Aviation View | Volume 2, Issue 1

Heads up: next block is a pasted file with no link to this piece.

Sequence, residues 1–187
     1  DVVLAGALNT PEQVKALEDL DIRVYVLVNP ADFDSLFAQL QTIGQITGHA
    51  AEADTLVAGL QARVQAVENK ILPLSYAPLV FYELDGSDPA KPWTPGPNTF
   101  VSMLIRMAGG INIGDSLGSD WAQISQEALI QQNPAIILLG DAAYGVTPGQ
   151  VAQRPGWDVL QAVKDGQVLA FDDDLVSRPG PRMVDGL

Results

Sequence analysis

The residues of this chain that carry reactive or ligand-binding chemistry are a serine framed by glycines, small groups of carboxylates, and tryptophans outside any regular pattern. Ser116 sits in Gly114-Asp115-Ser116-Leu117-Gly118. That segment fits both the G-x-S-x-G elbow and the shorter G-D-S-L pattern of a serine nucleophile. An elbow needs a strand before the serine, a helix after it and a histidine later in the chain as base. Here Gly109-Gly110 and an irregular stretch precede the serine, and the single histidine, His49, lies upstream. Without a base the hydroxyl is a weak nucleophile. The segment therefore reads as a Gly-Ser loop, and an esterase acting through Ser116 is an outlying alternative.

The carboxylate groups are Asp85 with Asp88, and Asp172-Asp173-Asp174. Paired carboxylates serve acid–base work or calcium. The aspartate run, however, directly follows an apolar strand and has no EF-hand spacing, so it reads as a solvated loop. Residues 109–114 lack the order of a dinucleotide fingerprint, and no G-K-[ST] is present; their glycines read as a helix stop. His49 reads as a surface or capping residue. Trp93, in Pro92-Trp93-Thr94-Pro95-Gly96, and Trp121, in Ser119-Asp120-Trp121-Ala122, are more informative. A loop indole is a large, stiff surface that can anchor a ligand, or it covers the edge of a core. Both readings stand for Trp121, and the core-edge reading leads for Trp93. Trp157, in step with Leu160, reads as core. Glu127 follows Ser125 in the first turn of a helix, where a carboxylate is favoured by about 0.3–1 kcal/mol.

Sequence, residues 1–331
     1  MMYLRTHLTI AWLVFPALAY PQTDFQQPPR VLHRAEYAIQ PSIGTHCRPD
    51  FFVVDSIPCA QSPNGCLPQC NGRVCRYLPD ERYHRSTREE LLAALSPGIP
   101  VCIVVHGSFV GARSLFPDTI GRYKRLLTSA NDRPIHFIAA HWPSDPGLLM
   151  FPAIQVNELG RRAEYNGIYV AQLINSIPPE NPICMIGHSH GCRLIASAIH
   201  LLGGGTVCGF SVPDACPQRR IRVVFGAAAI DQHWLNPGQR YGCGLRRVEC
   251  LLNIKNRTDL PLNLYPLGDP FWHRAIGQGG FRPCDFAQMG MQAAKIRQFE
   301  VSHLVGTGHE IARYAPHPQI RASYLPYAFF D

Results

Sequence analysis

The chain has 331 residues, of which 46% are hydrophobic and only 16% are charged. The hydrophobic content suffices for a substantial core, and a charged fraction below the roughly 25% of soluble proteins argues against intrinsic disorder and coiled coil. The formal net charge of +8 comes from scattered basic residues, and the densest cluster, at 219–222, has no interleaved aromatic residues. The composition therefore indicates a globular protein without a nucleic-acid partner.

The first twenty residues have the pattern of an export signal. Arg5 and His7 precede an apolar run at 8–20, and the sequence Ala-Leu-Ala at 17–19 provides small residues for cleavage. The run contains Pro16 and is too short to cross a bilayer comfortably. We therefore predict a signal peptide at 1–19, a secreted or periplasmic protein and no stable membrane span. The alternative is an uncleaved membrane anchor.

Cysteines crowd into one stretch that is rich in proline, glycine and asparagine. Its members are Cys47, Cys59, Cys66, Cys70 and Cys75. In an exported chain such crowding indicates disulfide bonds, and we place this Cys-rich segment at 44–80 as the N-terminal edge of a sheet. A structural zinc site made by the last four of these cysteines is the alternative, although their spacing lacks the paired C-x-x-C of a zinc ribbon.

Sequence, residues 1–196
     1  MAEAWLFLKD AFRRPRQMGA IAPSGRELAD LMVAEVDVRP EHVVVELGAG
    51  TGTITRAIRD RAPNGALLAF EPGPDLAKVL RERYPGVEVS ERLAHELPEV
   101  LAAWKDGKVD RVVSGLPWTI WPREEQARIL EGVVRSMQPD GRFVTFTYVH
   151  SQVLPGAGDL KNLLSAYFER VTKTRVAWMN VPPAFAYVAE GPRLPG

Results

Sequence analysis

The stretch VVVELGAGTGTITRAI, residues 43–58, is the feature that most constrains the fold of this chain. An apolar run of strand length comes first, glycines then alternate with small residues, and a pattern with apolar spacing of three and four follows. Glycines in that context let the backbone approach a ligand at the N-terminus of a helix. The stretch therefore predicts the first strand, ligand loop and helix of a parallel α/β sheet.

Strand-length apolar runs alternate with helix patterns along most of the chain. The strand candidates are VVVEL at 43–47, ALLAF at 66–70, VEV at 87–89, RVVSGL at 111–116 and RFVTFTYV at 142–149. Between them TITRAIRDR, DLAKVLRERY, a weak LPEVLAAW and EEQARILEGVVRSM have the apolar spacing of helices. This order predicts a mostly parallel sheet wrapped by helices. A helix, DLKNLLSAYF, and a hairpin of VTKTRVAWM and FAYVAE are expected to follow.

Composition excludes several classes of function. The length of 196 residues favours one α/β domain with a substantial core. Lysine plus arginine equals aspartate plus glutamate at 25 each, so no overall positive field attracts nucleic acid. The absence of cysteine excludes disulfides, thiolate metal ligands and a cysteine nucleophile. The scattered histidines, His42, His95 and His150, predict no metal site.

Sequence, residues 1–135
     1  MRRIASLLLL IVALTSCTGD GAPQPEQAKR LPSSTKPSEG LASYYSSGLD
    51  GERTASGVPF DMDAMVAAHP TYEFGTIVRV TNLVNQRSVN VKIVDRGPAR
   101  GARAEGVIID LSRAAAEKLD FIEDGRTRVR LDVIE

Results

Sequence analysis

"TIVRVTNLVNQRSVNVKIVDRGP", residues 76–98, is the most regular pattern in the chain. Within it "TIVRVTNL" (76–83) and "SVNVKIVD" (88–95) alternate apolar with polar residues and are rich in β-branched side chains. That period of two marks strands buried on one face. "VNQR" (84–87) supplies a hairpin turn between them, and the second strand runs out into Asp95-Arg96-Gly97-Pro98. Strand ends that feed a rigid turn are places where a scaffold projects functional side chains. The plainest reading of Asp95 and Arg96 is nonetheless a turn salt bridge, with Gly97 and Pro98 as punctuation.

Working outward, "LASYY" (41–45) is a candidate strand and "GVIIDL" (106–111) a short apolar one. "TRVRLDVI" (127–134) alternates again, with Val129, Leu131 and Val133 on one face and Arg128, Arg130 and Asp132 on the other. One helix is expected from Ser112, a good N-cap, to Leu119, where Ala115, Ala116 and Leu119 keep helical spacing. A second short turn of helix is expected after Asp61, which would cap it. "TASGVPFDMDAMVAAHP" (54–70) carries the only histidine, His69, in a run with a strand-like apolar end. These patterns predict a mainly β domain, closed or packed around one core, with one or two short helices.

104 AVIATION VIEW VOLUME 2, ISSUE 1 Fordham Aviation Inc.; KENCOA Aerospace LLC; AREMAC Heat Treating who collectively service, manufacture, heat treat and surface engines and parts for Boeing, Airbus, Lockheed-Martin, Gulfstream, and Sikorsky. Then there are the private owners. “The runway project will get started late summer, and we are trying to get everything ready so that we can start construction and then reduce the impact on the University and other users,” says Fordham. “I believe we would have up to eight days before they would need a contingency plan – we would like to work with everyone, including the FAA, to minimize any problems that we might cause. It would be a lot easier if the school did not have to switch its flights to Macon and then bus all the students up there. But we will see what happens.” The university currently accounts for about 85% of the airport traffic. Fordham reports, “We have probably more than 400 operations daily, and that is including corporate, military, and general aviation. We also have an air ambulance service that flies out of here. Georgia Forestry has an operation base here as well, and they fly out daily. All of which means a lot of use, and right now the tower is only open during school hours.” Monday to Thursday 8 A.M. to 4 P.M. and on Friday 8 A.M. to 12 P.M., to be more precise. Not only is the tower just open during these times, but it is also staffed by the University, not the airport or the FAA. The airport is therefore also going after funding to have the FAA take over running the tower – to relieve the financial burden for the school and, more importantly, increase the working hours of the runway, by running the tower 24/7. While there are 80 planes housed at the Heart of Georgia Regional Airport, there are less than 80 hangar spaces available. So, another portion of the planned upgrades includes more hangar space. The university is building some, but the